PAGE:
The AIB has increased the rate it charges fixed-rate mortgage customers for the second time since the European Central Bank began raising the discount rate this summer.
New mortgage borrowers can continue to take advantage of existing interest rates until January 16, so the 0.5% increase for new fixed-rate borrowers will effectively apply after Christmas, according to the AIB.
The increase will raise interest rates to 4.15% for up to two-year fixed mortgages for typical first-time buyers who have loans up to 80% of the property value.
Senior mortgage expert Michael Dowling said it was the second rate hike by the AIB for fixed-rate customers since the ECB began raising rates in July, and other banks will respond in time. He said it was likely.
“Initially, the main banks, with the exception of the AIB, did not respond to the ECB and immediately raised fixed rates, but now the cycle of rising rates has taken over,” Dowling said.
He expects the Bank of Ireland to announce a second round of fixed rate hikes before Christmas, as well as permanent TSBs, but probably sometime in January.
According to Dowling, a 0.5% increase on a 30-year €300,000 mortgage adds €82 per month to the loan’s servicing costs.
The ECB is widely expected to raise the official discount rate by at least 0.5% again next month. The central bank has hiked interest rates by 2% since it launched a campaign to raise interest rates in the fight against inflation in the summer.
Households taking out tracker mortgages will soon see interest rates rise as the ECB rises.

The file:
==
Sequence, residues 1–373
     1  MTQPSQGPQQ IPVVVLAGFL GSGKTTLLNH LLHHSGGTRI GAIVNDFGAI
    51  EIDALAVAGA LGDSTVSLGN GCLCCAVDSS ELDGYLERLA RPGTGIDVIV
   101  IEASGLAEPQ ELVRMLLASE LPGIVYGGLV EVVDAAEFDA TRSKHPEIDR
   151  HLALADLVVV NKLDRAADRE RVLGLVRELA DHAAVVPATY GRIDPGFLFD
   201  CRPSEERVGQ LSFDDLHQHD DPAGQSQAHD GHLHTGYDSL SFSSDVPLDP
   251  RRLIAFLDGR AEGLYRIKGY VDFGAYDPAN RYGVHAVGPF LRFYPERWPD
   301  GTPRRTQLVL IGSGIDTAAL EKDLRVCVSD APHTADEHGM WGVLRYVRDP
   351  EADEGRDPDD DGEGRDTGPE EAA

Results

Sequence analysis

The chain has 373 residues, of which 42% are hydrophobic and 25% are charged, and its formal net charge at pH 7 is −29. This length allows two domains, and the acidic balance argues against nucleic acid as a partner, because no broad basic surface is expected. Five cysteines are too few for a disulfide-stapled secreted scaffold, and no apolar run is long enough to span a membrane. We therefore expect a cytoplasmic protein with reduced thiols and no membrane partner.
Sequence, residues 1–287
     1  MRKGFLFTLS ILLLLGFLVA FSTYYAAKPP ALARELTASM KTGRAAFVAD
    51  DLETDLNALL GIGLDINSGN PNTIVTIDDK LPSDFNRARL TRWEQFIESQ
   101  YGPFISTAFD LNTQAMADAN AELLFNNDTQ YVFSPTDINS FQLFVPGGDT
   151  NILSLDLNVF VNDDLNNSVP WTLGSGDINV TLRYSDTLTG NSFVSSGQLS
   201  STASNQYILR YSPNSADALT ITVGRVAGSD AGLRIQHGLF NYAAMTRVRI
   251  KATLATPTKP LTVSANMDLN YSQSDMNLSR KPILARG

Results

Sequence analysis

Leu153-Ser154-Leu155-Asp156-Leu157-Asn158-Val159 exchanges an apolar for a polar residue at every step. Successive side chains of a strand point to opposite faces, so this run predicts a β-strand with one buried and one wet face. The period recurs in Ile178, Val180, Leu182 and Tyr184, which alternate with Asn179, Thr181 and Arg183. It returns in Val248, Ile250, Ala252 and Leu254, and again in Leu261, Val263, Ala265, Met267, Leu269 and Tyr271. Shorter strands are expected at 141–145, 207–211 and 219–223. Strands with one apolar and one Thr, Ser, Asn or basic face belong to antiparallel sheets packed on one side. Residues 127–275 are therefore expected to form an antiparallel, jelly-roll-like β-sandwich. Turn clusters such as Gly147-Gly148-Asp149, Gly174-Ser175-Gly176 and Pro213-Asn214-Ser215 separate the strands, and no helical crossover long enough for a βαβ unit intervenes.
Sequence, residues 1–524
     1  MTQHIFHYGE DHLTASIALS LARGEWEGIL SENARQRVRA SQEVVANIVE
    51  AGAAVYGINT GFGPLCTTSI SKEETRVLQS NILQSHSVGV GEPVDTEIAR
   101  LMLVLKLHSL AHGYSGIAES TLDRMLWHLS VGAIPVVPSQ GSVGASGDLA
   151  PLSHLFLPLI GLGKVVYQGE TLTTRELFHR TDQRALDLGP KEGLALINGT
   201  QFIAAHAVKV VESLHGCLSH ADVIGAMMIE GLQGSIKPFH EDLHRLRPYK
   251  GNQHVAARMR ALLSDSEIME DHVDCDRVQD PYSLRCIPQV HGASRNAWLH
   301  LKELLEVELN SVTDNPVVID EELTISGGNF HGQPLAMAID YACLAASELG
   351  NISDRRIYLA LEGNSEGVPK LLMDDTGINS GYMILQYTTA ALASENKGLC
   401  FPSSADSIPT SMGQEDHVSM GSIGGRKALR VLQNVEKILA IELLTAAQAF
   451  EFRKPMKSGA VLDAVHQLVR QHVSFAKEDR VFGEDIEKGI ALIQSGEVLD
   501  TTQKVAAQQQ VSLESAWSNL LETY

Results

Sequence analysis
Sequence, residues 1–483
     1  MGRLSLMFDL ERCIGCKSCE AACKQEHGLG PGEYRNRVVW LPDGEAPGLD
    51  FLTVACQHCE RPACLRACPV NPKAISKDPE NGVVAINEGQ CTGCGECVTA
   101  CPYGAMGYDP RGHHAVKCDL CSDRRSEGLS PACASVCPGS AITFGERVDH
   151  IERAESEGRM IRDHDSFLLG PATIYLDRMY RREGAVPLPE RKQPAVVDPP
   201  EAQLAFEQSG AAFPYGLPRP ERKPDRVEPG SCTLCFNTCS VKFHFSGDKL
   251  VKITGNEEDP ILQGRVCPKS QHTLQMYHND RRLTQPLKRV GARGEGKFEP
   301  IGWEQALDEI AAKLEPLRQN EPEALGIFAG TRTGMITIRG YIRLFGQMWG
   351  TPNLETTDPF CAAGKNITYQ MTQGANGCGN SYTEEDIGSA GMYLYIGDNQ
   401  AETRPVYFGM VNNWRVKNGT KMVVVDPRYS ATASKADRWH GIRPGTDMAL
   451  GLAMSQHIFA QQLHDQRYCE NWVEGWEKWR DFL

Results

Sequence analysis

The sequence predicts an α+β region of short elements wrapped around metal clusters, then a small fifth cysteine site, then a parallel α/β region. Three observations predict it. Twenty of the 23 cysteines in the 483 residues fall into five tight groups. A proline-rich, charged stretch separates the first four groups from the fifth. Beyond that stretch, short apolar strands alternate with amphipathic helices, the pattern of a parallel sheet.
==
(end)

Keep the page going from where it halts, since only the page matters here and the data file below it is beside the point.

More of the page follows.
Ireland’s major banks have somewhat delayed rate hikes for fixed and floating rate customers, but some mortgage brokers said it was inevitable that lenders would catch up with the ECB’s rate hike cycle.
Mortgage rates in Ireland are among the highest in the entire Eurozone.
Meanwhile, the implied cost of governments borrowing from international bond markets has changed little over the past week.
Ireland’s 10-year bond yield or rate is trading at 2.4%, slightly below the cost of France, Austria and Belgium.
Germany’s 10-year borrowing costs fell to 1.97%, the third straight week of decline.
The gap between German 2-year and 10-year bond yields has widened to its widest since October 1992, signaling a looming recession.
If rates on long-term bonds are lower than those on short-term bonds, it suggests investors expect central banks to raise interest rates in the short term and then cut them to deal with slowing growth. I’m here.
Commerzbank’s Christoph Rieger said this showed investors expected the ECB to cut or suspend rates next year. But he added: “I think they will continue to raise rates more than the market and many people are expecting.”
- additional reporting Reuters